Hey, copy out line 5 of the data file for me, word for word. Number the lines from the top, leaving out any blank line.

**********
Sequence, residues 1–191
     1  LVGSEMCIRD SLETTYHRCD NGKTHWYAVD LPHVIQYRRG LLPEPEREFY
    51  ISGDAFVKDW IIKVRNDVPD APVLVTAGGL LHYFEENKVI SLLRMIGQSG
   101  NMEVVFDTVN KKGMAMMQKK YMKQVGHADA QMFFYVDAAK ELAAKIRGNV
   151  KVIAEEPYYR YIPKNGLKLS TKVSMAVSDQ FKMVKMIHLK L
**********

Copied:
   151  KVIAEEPYYR YIPKNGLKLS TKVSMAVSDQ FKMVKMIHLK L